COVID testing is the first line of defense against the virus, and the key to its effectiveness may be taking multiple.
Experts caution that one negative test may not be enough to determine if those feeling ill, particularly those who were knowingly exposed to COVID, have stayed clear of infection.
The most recent U.S. recommendations released in August have officials urging that those who were exposed to COVID take three home tests instead of two to boost accuracy.
Previously, the Food and Drug Administration had advised taking two rapid antigen tests over the course of two or three days to rule out infection. But the agency said new studies suggest that protocol can miss too many infections, and could result in people spreading the coronavirus to others, especially if they don’t develop symptoms.
The new guidance applies to people without symptoms who think they may have been exposed. People with symptoms can continue using two tests spaced 48 hours apart.
Health officials have repeatedly cautioned that the tests can give false negatives if taken too early.
The Centers for Disease Control and Prevention recommends people without symptoms wait five days after an exposure. That’s because it generally takes several days before the antigens reach levels detectable via testing with a nose swab.
Chicago’s top doctor said there’s no clear answer for how long it could take.
“I don’t have a single answer,” Chicago Department of Public Health Commissioner Dr. Allison Arwady said last Tuesday. “What I can say is that if you had a known recent COVID exposure – somebody in your family just had COVID, you had a close call on contacts who had COVID – and you develop COVID symptoms in the next, you know, 10 days … you have COVID almost certainly and you should treat it like that, even if it takes a few days for the test to turn positive.”
Arwady herself recently experienced a testing delay when she contracted the virus following a vacation in August.
“When I had recently been on vacation, I started testing right away when I came back, knowing that that had been a higher-risk setting,” she said earlier during a Facebook Live. “I learned that one of my travel companions tested positive for COVID. I was feeling just fine, I took a COVID test, it was negative. I was being really careful about wearing a mask, which I would have done anyway for 10 days after vacation, but I didn’t quarantine at that point. I didn’t stay home. I was super careful with wearing my N95 mask. But as soon as my very first symptom developed – just a little bit of feeling tired, a little bit of tickle in my throat – I was like, ‘Oh boy, I probably have COVID.’ I stayed home at that point. I took a COVID test – an at-home test – it was negative that night. I developed a fever… It was still negative the next morning, and then it took about my third COVID test, which was probably about 18 hours after my symptoms started, it turned positive.”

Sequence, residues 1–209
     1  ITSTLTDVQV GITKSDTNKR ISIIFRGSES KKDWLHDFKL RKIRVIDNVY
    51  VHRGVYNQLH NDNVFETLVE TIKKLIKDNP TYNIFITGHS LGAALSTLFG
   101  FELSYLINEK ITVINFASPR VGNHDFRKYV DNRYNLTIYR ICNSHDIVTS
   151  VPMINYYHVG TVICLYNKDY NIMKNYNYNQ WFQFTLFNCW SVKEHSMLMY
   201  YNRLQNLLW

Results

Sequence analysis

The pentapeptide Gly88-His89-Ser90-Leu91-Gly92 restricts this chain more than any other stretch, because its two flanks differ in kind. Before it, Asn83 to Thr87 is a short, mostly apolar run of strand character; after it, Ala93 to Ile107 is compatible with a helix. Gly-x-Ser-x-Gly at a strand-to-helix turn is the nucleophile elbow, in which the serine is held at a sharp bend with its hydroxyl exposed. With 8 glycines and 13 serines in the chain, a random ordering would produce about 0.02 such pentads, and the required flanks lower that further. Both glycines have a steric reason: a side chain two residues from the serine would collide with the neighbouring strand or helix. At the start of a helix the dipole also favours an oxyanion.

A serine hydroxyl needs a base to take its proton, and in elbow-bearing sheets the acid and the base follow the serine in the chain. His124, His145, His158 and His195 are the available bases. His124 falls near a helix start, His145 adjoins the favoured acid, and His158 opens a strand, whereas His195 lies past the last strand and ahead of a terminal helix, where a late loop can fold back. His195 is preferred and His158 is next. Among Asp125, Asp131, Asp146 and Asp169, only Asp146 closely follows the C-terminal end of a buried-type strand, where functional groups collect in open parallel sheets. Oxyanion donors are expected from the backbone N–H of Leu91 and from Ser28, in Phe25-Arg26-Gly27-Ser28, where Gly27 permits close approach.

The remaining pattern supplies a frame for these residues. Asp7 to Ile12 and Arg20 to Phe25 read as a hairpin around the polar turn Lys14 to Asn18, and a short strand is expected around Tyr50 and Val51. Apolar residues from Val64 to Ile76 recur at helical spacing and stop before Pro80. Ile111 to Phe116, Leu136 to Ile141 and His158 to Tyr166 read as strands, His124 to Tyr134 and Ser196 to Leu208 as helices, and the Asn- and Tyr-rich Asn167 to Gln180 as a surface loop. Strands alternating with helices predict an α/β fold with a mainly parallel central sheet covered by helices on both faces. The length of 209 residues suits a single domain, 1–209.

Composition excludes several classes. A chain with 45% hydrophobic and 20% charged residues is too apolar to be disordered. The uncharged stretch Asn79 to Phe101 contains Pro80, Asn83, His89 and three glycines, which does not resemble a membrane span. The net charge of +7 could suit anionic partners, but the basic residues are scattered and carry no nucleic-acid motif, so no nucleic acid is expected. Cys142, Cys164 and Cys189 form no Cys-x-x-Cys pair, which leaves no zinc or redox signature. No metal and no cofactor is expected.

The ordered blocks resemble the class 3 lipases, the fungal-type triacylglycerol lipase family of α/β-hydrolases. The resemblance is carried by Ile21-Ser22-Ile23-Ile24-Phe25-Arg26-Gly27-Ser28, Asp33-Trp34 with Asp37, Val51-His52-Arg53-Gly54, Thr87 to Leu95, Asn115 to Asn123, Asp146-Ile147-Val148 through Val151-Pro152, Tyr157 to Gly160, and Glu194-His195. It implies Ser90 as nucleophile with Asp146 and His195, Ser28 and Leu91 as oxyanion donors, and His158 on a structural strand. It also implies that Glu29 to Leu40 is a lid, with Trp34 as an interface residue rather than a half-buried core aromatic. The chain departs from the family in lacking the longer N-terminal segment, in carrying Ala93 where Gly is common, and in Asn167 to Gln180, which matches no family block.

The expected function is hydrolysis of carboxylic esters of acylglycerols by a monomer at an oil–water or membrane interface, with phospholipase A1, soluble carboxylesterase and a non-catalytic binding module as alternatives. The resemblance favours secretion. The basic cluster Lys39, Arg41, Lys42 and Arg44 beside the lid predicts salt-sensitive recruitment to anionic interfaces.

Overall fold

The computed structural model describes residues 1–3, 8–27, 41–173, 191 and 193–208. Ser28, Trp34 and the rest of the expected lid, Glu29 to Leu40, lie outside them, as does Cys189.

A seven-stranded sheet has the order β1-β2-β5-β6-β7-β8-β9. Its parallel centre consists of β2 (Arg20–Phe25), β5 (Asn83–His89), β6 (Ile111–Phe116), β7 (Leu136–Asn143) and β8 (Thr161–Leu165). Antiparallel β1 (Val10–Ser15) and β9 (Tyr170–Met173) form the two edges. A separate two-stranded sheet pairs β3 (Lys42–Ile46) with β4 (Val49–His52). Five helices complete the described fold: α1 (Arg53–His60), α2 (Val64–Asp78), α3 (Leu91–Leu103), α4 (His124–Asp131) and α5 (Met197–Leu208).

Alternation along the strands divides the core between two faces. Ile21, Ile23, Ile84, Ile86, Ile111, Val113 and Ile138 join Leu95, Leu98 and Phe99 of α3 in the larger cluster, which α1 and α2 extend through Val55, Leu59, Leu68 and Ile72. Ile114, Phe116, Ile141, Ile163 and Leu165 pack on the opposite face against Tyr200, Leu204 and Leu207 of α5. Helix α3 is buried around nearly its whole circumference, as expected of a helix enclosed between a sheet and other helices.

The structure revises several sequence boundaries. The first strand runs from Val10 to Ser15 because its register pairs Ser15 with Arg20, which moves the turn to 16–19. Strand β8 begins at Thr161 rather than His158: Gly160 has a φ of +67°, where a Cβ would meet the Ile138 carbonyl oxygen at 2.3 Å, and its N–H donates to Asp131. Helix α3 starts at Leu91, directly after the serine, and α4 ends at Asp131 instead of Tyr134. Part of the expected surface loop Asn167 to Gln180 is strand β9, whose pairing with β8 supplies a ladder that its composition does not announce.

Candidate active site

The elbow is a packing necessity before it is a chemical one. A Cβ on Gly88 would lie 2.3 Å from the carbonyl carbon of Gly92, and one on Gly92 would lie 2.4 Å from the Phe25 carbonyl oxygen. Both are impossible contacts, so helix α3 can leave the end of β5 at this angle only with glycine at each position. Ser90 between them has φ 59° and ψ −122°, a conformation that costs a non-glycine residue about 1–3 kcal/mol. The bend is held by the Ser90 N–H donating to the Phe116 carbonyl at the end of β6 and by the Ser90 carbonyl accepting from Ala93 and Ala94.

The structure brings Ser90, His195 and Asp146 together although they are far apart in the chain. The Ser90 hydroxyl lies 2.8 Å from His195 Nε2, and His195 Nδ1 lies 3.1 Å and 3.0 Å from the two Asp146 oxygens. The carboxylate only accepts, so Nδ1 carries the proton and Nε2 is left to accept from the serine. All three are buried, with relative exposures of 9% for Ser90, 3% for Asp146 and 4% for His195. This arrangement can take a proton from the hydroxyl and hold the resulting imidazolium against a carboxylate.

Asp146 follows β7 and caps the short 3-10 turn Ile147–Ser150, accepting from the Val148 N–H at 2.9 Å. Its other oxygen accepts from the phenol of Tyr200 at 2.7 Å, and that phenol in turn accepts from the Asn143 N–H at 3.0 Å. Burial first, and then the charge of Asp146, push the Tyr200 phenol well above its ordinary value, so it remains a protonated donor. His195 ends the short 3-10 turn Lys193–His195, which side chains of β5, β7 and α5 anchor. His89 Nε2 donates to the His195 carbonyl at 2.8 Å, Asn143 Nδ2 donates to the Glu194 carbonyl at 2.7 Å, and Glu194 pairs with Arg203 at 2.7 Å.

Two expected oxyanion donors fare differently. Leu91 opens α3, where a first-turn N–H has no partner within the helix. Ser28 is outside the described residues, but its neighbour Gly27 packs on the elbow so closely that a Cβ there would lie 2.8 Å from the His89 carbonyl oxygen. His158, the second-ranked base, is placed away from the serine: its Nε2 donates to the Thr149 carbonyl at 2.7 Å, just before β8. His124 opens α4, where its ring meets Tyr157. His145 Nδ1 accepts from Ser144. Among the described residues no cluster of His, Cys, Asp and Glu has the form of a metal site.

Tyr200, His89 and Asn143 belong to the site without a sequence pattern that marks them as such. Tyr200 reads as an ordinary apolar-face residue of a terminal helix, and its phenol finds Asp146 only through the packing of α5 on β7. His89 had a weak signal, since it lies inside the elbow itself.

Arwady noted that while negative test results may not be the most reliable, those who do test positive should “treat a positive test as a positive.”
“What I tell people is a negative at-home test is probably negative, unless you’re testing too early – meaning that the virus hasn’t yet had a chance to build up in your body,” she said. “The good news is, when the virus hasn’t had a chance to build up in your body, you’re less likely to be spreading COVID yet, but nevertheless, it means that the test can stay negative and this omicron variant moves so fast that we are seeing sometimes people it can take a day or two for those tests to turn positive. But I will take any positive though… we don’t see false positives on the at-home test, just to be clear. So any positive is a positive. And the negative is somewhat reassuring, but if you’ve had an exposure or you have new symptoms, there’s still a very good chance that it could be COVID.”
According to the Centers for Disease Control and Prevention, “positive results from self-tests are highly reliable.”
For those who are unsure, a PCR test may provide more accurate results earlier in an infection, experts say.
“The laboratory testing outside of homes, the PCR testing, is a little more sensitive,” Arwady said. “Usually it will turn positive a little faster.”
Those tests, however, can also indicate a positive result for infections that are no longer active.
The CDC previously said people can test positive for up to three months after contracting an infection.
For those who do test positive, the CDC recommends isolation for the first five days after symptom onset, which is when you’re likely to be the most infectious. After that, a well-fitting mask should be worn through day 10.